Women's Health and Equality Queensland


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Bipolar Disorder

While we all experience mood changes in response to life’s events, some people’s moods fluctuate up and down much more than usual. People with bipolar disorder can have extreme moods of feeling high, very active and euphoric (‘manic’) or feeling really low (‘depression’).

When these shifts in moods cause changes in how you’re behaving and how you can function in your everyday life, it’s important to get help.

Bipolar symptoms during a manic phase may include:

  • feeling incredibly high or euphoric,
  • delusions of self-importance,
  • high levels of creativity, energy, and activity,
  • getting much less sleep or no sleep,
  • poor appetite and weight loss,
  • racing thoughts or speech,
  • highly irritable, impatient or aggressive,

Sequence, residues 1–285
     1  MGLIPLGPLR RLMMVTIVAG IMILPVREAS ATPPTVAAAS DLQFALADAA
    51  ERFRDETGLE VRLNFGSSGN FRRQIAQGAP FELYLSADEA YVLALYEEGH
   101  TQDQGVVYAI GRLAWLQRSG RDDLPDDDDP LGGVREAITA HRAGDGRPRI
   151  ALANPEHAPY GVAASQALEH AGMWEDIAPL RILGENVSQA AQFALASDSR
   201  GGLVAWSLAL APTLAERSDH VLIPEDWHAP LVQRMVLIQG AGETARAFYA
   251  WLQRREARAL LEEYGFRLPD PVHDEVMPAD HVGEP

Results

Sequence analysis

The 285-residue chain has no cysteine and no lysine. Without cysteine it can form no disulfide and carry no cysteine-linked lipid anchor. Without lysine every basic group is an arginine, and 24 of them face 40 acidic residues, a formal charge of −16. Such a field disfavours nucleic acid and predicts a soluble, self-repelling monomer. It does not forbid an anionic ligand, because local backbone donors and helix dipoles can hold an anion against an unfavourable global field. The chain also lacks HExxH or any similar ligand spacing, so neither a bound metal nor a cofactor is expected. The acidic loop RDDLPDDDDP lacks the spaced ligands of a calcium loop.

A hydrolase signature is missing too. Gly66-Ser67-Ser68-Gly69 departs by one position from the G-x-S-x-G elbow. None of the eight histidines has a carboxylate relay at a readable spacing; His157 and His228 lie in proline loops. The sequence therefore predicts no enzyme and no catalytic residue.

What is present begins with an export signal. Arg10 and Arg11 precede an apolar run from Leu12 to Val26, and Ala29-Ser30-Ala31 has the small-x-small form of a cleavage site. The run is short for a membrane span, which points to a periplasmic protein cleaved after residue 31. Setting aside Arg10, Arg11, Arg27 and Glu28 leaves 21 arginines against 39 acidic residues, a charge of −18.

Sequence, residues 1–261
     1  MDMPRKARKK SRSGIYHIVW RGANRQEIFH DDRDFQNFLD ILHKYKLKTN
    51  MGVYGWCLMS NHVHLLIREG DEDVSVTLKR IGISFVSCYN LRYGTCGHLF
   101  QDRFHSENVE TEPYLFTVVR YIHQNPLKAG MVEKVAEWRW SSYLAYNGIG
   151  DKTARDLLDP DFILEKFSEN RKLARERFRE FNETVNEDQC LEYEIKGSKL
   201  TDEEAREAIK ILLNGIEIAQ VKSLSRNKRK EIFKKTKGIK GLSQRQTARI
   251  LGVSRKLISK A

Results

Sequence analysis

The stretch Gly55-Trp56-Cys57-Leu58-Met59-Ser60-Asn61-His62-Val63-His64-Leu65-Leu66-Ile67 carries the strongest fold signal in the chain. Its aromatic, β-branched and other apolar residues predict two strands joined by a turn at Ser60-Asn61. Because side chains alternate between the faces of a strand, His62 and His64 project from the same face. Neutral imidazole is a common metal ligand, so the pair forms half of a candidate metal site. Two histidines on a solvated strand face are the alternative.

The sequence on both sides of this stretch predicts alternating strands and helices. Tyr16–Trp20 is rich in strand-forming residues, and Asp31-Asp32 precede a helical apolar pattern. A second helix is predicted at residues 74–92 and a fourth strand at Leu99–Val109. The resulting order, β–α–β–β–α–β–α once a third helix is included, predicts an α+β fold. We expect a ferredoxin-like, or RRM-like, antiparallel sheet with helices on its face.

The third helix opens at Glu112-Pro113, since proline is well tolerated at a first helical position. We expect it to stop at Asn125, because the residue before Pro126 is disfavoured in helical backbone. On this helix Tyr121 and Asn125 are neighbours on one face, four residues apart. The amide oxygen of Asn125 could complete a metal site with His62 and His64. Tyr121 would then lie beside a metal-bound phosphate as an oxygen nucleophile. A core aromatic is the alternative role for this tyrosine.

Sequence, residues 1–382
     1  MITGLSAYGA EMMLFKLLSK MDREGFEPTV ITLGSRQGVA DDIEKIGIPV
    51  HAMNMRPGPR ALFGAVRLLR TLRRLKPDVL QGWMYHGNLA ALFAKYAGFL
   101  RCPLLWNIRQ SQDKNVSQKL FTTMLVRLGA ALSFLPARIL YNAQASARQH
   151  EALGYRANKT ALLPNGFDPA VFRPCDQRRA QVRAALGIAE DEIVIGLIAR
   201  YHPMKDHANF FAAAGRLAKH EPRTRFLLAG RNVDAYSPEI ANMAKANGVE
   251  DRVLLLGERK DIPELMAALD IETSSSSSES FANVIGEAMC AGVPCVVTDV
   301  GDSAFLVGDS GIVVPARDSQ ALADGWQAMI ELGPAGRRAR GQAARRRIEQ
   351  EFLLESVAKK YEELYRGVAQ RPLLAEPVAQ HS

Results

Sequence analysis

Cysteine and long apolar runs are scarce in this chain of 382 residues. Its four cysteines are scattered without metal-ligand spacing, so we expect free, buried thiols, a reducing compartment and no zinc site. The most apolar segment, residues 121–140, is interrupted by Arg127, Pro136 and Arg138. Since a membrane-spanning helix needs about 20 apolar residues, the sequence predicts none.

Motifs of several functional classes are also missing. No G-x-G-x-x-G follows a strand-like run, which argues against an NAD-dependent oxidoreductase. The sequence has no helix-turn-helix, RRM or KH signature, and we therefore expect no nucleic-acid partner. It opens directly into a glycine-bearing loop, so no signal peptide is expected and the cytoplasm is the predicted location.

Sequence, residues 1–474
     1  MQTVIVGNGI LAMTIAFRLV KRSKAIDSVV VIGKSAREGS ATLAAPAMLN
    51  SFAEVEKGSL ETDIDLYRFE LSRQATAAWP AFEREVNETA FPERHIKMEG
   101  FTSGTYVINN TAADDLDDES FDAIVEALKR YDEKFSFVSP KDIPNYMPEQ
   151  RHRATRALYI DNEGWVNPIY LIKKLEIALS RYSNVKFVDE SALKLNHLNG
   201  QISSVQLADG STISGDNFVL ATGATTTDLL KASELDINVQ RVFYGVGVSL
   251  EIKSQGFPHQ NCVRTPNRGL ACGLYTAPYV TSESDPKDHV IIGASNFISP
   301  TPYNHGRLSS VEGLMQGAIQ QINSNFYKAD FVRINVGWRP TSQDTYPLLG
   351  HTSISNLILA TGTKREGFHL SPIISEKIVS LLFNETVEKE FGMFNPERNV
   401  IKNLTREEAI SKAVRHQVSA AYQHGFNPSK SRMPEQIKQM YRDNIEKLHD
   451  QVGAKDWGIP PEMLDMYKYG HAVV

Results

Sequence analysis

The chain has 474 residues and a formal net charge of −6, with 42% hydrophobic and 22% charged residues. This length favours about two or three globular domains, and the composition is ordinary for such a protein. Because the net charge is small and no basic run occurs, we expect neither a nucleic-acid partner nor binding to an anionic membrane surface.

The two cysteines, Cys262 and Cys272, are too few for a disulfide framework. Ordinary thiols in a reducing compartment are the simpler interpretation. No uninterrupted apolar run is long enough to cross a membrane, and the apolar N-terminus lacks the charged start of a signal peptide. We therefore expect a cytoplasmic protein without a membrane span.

• grand and unrealistic plans,
  • poor concentration,
  • delusions,
  • and hallucinations.

Bipolar symptoms during a depressed phase may include:

  • feelings of sadness or hopelessness,
  • loss of interest in usually pleasurable activities,
  • withdrawal from family and friends,
  • sleep problems (often excessive sleep),
  • loss of energy or feeling exhausted,
  • low self-esteem,
  • problems concentrating,
  • and suicidal thoughts.

Bipolar disorder is a term used to describe a group of mental health problems. It’s important to seek help from a highly qualified mental health professional so you have a good understanding of your symptoms and type of bipolar disorder.

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